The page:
Misogyny is a common term that’s often tossed around in social media and traditional media alike. It became more prevalent after Roe vs Wade was overturned. However, there are many misconceptions about what misogyny is and isn’t. Understanding how to define misogynistic behavior can help you to also understand its effects and the best solutions.
Let’s take a closer look at the definition and examples of misogyny.
What is Misogyny?
There are a lot of claims about what misogyny is. By definition, misogyny is a hatred of women. “Mesein” is the Greek root that means “to hate” and “gyne” is the root for “woman”.
Key differences separate “sexism” and “misogyny.” Sexism is directly applied to discrimination based on gender, whereas misogyny is specifically about hatred and a belief that women are inferior.
While these two concepts are different, they are both part of the patriarchal society we live in. Often, prejudice against women is backed by misogyny. In reality, both issues require intervention.
Define Misogynistic Behaviors
Identifying misogynistic behaviors is imperative for addressing and overcoming them. Unfortunately, misogyny can be internalized by women, and exhibited by both women and men.
Here are a few common examples of misogyny:
- Judging the sexual behavior of women and men differently. For example, a man with many sexual partners is seen as successful, while a woman is viewed negatively.
- Disgust regarding female body hair, and not men.
- Disgust of women’s menstrual cycles.
- Blaming women’s emotions and/or distress on ‘hormones” or “PMS”
- Beliefs that women cannot lead effectively or that a woman’s primary role is motherhood.
- The “Madonna Whore Complex” with strict sexual scripts for women that lead to slut-shaming.
Effects of Misogyny
Misogyny is not only unfair and unwarranted, but it is also extremely harmful to society. In the same way that dating a narcissist can affect your mental health, so can dating (or being in a platonic relationship with) a misogynist.
For one, misogyny perpetuates violence against women, including domestic abuse. Author Kate Manne describes how misogyny is used to reinforce male dominance in her insightful book, Down Girl: The Logical of Misogyny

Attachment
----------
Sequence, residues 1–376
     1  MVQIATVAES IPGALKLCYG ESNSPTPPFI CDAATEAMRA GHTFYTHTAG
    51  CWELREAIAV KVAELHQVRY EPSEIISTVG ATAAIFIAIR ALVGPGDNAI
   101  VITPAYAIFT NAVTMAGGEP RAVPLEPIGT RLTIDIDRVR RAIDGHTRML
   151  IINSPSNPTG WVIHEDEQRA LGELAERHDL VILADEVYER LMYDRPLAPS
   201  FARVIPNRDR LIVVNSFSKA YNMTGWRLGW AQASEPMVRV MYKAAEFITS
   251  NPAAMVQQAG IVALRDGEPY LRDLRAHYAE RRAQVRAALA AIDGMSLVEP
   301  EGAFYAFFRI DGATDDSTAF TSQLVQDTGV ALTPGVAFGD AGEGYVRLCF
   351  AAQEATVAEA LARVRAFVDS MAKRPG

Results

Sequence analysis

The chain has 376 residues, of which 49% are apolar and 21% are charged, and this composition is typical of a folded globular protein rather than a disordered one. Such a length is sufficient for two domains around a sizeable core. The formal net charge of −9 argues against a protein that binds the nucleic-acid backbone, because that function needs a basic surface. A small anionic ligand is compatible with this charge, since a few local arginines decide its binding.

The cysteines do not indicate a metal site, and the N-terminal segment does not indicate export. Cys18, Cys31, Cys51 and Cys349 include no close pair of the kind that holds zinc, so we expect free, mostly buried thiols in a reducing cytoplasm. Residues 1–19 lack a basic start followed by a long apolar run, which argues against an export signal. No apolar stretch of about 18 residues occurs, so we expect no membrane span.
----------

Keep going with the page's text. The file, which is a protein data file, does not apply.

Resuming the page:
Internalized misogyny can heighten the psychological distress of sexist events as well. One study from Sex Roles found that internalized misogyny increased mental distress from external sexism. It was also related to self-objectivation and passive acceptance.
Since misogyny is related to self-objectification as well as sexism, it may also play a role in body image issues for many women.
What You Can Do
As harmful as it is, misogyny is still a major problem in our patriarchal society. There’s no quick fix for getting rid of it, but there are some ways to start changing the narrative now that you can define misogynistic behavior.
It starts with standing up against sexism and misogyny. The good news is that over half of respondents reported being confident in handling sexism by calling someone else out or confronting harassers.
The other important thing is to take care of your own mental health. Healing from toxic relationships can help women understand their worth and identify the misogynistic people around them. This can prevent internalizing the hatred of women and the values of misogyny.
Additionally, Individual therapy may benefit women who struggle with the effects of misogyny dealing with misogynists in their lives. Couples therapy can also help in relationships where one or both partners demonstrate misogyny, even if unconsciously.
Ultimately, understanding that misogyny is a hatred of women is only the first step. Defining this term can help us begin to break down its roots and create a safer, kinder world for women.